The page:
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Old 26th April 2011, 08:11 PM   #1
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Default PCB for stand alone 5W SE

Hello I want to build a stand alone 5W SE power amp. Nothing out of the ordinary. Same thing as they use on the ax84.
The only thing is that i want to make that on a PCB. Pretty much because it is easy for me. The power supply will in a separate enclosure.
I have been reading about coupling between the traces, but i assume this has more to do with traces on both sides of the board. Mine will have only one side. Is coupling still strong with traces that run parallel but side by side and not on top of each other?
Keep in mind i have all space in the world for this board so i can make the traces as further apart as i want, but i am curious...
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Old 26th April 2011, 08:20 PM   #2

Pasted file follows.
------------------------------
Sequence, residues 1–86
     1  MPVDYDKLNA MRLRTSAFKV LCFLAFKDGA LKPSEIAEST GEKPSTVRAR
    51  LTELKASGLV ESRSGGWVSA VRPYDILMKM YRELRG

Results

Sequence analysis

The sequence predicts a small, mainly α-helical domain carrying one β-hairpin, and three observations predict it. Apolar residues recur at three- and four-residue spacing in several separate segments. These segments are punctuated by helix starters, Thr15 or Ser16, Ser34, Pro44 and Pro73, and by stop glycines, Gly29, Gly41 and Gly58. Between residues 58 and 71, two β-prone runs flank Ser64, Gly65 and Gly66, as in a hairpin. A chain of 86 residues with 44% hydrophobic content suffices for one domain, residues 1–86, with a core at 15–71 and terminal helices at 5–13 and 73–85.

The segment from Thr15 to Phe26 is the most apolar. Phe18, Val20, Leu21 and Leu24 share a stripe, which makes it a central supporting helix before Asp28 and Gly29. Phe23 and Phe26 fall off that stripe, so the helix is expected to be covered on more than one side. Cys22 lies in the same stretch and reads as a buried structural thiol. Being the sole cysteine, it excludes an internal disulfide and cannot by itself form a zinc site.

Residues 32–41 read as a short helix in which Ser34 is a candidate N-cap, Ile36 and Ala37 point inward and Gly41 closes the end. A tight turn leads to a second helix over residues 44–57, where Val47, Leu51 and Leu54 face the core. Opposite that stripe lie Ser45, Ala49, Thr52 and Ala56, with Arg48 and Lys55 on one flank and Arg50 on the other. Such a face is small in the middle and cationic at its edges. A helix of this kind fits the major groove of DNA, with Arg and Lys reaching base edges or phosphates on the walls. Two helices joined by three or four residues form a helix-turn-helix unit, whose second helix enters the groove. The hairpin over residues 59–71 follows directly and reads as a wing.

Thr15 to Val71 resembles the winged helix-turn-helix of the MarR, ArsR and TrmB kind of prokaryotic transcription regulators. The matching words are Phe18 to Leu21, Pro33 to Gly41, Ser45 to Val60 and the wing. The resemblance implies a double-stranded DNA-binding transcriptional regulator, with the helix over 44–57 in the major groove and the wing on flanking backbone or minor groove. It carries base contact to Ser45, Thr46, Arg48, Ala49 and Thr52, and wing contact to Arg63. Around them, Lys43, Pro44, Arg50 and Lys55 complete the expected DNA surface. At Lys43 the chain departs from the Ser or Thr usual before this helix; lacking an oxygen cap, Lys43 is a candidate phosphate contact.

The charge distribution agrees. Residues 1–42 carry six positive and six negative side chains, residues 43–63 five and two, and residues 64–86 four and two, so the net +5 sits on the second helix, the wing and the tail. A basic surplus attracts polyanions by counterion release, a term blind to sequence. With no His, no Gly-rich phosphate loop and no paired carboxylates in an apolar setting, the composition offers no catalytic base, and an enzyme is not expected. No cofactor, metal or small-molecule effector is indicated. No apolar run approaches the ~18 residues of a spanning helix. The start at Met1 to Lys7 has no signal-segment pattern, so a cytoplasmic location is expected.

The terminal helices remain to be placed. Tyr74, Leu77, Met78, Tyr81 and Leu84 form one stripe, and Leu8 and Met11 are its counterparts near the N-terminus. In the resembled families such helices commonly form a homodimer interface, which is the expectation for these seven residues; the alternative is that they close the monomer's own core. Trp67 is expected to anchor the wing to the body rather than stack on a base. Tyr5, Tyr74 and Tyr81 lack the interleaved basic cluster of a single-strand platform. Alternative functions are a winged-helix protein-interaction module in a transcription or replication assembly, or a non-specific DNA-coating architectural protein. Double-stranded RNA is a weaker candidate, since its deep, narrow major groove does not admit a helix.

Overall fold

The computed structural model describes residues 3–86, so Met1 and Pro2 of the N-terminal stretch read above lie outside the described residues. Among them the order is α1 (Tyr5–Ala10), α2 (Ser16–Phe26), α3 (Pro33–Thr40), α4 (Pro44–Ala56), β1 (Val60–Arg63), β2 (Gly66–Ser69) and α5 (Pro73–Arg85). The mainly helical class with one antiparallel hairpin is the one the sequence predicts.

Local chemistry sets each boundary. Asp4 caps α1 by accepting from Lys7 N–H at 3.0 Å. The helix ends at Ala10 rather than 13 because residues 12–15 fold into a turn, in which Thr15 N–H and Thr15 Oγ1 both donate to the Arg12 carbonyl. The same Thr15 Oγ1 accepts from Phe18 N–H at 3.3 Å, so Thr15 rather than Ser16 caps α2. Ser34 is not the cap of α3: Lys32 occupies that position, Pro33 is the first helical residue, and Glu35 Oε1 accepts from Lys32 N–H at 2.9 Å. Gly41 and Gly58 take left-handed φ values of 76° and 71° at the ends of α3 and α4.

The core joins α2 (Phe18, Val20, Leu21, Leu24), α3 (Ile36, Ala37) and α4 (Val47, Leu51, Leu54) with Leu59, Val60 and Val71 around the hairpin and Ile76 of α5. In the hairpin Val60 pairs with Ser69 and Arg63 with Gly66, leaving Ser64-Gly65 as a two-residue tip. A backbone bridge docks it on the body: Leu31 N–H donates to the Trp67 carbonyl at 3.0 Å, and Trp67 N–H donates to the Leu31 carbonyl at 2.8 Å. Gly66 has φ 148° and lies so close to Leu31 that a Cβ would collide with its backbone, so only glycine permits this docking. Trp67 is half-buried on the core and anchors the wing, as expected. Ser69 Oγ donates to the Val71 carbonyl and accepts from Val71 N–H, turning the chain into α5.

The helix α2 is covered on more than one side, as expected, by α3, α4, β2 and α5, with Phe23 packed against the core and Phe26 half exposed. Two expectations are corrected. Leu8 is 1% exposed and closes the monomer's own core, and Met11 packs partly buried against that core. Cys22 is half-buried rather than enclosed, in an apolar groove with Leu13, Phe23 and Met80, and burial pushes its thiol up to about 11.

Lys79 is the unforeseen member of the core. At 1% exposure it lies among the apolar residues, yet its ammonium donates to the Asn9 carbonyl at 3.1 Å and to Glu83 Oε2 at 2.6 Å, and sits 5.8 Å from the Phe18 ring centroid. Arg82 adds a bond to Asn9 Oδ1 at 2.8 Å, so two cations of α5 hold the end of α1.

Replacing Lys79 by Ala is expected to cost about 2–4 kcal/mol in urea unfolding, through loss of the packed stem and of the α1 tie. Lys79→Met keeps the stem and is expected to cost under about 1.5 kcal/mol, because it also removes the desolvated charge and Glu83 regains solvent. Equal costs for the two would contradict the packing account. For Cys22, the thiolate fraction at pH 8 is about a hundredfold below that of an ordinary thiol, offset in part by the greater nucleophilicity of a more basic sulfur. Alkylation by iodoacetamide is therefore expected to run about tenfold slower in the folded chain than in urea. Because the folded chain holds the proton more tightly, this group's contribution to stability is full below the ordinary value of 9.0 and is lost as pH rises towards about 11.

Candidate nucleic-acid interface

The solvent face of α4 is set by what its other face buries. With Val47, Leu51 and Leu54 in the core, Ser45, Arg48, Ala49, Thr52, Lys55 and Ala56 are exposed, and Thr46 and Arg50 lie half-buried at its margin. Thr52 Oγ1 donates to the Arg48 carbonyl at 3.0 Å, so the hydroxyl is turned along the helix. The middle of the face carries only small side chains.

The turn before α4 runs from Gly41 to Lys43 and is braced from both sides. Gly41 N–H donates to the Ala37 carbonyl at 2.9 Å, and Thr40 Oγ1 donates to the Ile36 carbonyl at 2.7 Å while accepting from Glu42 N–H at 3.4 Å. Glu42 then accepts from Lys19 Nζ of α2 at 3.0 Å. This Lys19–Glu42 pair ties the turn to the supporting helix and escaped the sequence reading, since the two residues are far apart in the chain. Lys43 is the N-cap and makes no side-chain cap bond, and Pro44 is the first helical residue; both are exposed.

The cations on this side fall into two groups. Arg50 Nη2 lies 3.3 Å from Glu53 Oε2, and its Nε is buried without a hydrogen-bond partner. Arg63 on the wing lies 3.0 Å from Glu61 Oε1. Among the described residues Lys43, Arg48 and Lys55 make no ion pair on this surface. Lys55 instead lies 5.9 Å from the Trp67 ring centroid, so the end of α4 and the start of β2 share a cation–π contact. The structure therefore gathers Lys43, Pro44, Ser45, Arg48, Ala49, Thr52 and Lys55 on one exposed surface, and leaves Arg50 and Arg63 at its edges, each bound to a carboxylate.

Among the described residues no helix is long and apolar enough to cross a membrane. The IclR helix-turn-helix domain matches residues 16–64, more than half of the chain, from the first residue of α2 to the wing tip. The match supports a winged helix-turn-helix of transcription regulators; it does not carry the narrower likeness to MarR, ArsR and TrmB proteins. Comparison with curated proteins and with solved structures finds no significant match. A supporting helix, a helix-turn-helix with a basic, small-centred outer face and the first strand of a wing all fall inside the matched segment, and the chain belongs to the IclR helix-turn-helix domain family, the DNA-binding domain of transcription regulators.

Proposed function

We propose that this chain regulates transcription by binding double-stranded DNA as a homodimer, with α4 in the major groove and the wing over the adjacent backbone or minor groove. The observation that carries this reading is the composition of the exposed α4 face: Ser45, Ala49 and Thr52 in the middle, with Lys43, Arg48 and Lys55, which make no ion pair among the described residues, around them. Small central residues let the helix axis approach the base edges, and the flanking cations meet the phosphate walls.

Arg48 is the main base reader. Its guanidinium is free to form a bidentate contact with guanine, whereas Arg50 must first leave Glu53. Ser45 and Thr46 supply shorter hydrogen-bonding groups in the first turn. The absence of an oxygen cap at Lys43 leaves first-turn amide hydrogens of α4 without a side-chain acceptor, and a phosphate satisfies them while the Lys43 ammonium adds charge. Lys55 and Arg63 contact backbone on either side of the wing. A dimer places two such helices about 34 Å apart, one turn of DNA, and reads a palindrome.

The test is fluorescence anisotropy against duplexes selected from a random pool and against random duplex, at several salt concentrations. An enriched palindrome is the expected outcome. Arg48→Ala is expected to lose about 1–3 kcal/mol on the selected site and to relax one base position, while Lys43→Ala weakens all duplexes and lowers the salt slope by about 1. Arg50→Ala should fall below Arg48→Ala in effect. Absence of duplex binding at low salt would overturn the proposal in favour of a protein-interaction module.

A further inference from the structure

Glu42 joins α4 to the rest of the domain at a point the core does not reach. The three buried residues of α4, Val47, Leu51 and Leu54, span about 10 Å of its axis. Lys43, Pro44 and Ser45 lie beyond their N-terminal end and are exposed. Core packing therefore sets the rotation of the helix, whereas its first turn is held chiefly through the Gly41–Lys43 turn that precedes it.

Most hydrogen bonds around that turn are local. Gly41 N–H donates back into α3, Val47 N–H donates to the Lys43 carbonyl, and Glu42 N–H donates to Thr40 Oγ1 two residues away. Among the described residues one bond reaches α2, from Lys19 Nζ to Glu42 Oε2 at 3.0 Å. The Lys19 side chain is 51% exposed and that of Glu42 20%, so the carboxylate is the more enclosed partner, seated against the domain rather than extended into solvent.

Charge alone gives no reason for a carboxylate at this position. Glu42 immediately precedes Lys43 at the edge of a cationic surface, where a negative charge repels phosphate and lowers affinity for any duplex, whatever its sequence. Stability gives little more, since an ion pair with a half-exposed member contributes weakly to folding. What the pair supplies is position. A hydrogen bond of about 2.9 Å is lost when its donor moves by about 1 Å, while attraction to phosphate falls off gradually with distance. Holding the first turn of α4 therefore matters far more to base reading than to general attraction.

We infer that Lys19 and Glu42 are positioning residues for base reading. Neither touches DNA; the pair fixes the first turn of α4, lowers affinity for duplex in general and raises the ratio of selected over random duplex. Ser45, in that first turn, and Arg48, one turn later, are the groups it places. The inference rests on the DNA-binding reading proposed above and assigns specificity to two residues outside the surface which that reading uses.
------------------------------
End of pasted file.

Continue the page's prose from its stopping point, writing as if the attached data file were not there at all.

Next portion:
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The Tubelab Simple SE board will do the job - it's two channels but you only have to install parts for one if that's all you need. 3-5 W with a 6V6 up to 12 W or so with a 6550 (at higher supply voltage...). Just flip on over to the Tubelab forum...
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Old 26th April 2011, 08:43 PM   #3
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thanks, i will, but does anyone have an answer for my questions?
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Old 26th April 2011, 11:02 PM   #4
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Laying out a PCB for a tube amp is a bit different than laying out a typical low voltage analog or digital board. The impedances involved in tube amps are much higher (hundreds of K ohms) as are the voltage and signal levels.

Trace to trace coupling is a real concern. So is trace to ground plane coupling. I make all my boards double sided but it is possible to make a single sided board for simple circuits. Avoid running high impedance traces, especially grid circuits next to or on the other side of ground or other signal traces.

If using a single sided board it might be wise to leave the heater wiring off the board and run them using twisted pair of wire. On a two sided board run the heater circuits as a differential pair, either side by side, or one on top of the other. The preamp tubes are much more critical than the output stages. In your guitar amps the venerable 12AX7 is especially prone to hum, and noise.